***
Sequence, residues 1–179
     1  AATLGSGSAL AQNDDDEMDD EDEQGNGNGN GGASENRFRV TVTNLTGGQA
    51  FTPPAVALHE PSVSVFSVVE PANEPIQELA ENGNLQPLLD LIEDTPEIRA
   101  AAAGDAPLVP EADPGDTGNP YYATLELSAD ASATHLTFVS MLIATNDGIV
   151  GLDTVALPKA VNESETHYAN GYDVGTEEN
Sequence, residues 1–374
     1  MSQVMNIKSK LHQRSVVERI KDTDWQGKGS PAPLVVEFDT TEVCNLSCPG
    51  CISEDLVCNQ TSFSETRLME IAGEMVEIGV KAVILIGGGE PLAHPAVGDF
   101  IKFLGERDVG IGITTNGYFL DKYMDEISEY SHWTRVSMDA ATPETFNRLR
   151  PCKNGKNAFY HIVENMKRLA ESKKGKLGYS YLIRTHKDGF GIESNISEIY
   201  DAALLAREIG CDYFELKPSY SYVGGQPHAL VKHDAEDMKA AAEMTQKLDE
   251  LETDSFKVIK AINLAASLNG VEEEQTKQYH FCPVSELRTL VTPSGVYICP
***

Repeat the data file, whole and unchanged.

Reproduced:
Sequence, residues 1–179
     1  AATLGSGSAL AQNDDDEMDD EDEQGNGNGN GGASENRFRV TVTNLTGGQA
    51  FTPPAVALHE PSVSVFSVVE PANEPIQELA ENGNLQPLLD LIEDTPEIRA
   101  AAAGDAPLVP EADPGDTGNP YYATLELSAD ASATHLTFVS MLIATNDGIV
   151  GLDTVALPKA VNESETHYAN GYDVGTEEN
Sequence, residues 1–374
     1  MSQVMNIKSK LHQRSVVERI KDTDWQGKGS PAPLVVEFDT TEVCNLSCPG
    51  CISEDLVCNQ TSFSETRLME IAGEMVEIGV KAVILIGGGE PLAHPAVGDF
   101  IKFLGERDVG IGITTNGYFL DKYMDEISEY SHWTRVSMDA ATPETFNRLR
   151  PCKNGKNAFY HIVENMKRLA ESKKGKLGYS YLIRTHKDGF GIESNISEIY
   201  DAALLAREIG CDYFELKPSY SYVGGQPHAL VKHDAEDMKA AAEMTQKLDE
   251  LETDSFKVIK AINLAASLNG VEEEQTKQYH FCPVSELRTL VTPSGVYICP